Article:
awakened from a dream, her bewildered eyes half recognised his face. Years ago, she had known him among the gentry of the province. But the ban of the King had fallen upon him! How, then, came the doomed victim here? Proscribed, excluded from mercy, the monarch's most dreaded and hated foe, this New England merchant had stood triumphantly against a kingdom's strength; and his foot now trode upon humbled Royalty, as he ascended the steps of the Province House, the people's chosen Governor of Massachusetts.
'Wretch, wretch that I am!' muttered the old woman, with such a heart-broken expression, that the tears gushed from the stranger's eyes. 'Have I bidden a traitor welcome? Come, Death! come quickly!'
'Alas, venerable lady!' said Governor Hancock, lending her his support with all the reverence that a courtier would have shown to a queen. 'Your life has been prolonged until the world has changed around you. You have treasured up all that time has rendered worthless—the principles, feelings, manners, modes of being and acting, which another generation has flung aside—and you are a symbol of the past. And I, and these around me—we represent a new race of men—living no longer in the past, scarcely in the present—but projecting our lives forward into the future. Ceasing to model ourselves on ancestral superstitions, it is our faith and principle to press onward, onward! Yet,' continued he, turning to his attendants, 'let us reverence, for the last time, the stately and gorgeous prejudices of the tottering Past!'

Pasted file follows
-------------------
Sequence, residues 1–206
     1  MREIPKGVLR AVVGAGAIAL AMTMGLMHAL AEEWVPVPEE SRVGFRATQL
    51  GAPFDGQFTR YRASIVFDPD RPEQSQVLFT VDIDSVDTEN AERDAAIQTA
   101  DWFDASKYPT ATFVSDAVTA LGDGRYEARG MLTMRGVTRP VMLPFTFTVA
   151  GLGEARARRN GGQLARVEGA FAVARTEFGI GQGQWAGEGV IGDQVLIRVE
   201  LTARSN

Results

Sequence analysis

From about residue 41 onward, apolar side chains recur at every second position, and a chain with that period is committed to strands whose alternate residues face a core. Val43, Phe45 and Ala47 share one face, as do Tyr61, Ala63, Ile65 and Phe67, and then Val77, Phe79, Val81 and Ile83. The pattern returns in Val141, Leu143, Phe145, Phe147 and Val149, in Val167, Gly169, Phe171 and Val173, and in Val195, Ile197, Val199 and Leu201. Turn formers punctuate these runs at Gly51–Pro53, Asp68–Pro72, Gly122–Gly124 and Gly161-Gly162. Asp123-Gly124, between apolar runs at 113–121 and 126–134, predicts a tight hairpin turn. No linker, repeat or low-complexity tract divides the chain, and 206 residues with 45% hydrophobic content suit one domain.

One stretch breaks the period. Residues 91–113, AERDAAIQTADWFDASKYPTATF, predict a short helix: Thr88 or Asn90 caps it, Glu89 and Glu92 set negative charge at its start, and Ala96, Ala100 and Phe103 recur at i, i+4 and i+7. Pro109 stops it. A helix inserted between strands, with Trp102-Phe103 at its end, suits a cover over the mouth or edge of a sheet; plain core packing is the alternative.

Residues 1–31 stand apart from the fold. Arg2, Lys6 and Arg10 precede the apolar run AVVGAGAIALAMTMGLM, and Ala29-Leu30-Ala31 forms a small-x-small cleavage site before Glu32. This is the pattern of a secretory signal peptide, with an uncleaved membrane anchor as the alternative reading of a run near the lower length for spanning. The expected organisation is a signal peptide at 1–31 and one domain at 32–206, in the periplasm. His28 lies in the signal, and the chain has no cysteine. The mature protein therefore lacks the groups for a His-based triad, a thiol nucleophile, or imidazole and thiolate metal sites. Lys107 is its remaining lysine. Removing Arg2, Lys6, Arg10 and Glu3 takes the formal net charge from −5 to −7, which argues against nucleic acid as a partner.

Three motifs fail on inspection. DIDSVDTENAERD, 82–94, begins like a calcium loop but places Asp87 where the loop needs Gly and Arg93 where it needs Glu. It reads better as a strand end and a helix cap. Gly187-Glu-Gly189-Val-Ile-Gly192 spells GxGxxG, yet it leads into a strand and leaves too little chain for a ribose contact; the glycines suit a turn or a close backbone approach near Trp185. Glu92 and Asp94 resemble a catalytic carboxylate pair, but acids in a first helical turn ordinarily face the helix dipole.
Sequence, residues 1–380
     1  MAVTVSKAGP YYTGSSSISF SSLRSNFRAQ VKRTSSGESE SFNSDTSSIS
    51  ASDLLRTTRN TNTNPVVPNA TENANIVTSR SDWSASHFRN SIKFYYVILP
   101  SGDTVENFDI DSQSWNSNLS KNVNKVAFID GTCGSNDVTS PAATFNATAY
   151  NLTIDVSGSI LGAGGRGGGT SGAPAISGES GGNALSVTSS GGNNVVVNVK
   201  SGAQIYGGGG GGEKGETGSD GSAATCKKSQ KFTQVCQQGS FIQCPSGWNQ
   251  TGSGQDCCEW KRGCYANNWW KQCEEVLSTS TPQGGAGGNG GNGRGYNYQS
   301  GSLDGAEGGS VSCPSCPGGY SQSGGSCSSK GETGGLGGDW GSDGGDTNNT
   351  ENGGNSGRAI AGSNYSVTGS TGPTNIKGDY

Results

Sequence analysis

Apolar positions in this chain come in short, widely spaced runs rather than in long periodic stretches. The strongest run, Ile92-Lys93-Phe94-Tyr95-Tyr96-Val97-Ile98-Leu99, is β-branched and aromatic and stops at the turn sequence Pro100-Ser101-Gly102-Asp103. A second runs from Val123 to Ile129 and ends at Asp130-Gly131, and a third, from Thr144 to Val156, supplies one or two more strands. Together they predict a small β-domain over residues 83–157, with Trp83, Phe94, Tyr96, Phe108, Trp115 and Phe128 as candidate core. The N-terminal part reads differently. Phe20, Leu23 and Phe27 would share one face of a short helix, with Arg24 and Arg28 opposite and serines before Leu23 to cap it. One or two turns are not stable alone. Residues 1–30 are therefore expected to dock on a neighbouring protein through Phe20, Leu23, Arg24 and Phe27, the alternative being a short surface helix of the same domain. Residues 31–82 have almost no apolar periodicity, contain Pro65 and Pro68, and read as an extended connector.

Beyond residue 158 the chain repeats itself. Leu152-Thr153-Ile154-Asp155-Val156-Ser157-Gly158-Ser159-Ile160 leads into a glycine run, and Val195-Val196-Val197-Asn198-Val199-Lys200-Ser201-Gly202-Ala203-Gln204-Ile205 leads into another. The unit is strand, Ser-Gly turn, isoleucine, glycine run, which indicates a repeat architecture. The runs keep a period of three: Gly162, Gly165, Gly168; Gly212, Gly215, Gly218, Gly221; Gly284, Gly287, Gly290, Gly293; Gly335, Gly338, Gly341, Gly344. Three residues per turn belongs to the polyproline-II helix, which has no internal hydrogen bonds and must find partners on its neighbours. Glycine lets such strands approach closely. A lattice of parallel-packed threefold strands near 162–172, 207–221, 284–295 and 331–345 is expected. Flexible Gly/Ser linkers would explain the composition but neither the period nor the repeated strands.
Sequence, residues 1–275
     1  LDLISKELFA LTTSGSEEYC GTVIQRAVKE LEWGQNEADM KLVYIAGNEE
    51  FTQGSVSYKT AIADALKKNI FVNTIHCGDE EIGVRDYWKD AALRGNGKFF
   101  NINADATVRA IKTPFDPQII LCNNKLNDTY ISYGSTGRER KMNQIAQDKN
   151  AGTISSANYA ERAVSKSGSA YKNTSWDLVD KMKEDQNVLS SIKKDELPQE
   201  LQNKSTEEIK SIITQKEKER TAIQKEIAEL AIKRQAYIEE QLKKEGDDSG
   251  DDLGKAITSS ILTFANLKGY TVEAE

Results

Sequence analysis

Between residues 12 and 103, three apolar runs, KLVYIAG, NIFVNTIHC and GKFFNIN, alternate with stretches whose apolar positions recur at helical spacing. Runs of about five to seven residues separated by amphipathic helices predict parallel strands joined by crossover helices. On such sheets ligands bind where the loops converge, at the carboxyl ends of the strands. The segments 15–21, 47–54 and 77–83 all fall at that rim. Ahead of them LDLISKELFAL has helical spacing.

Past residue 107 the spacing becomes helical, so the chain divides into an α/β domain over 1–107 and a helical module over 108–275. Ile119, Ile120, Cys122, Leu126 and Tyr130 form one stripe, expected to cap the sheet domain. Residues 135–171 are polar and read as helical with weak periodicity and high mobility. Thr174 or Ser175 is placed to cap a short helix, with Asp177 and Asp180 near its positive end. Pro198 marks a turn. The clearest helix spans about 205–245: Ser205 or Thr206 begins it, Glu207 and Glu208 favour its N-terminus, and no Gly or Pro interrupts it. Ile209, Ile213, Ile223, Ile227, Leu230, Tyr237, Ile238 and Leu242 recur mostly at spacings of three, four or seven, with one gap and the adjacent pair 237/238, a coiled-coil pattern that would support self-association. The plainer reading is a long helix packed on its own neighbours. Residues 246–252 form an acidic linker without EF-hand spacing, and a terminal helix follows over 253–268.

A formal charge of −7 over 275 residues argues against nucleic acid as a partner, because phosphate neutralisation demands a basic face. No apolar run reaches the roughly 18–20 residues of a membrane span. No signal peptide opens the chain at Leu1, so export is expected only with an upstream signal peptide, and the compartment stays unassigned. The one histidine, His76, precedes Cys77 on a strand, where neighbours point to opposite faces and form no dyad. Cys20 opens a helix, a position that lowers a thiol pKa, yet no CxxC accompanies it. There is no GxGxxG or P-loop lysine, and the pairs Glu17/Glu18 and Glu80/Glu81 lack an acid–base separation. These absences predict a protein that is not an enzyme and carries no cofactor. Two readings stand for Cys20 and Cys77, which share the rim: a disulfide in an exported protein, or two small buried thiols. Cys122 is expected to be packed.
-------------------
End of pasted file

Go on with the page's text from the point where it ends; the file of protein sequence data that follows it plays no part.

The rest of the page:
While the Republican Governor spoke, he had con-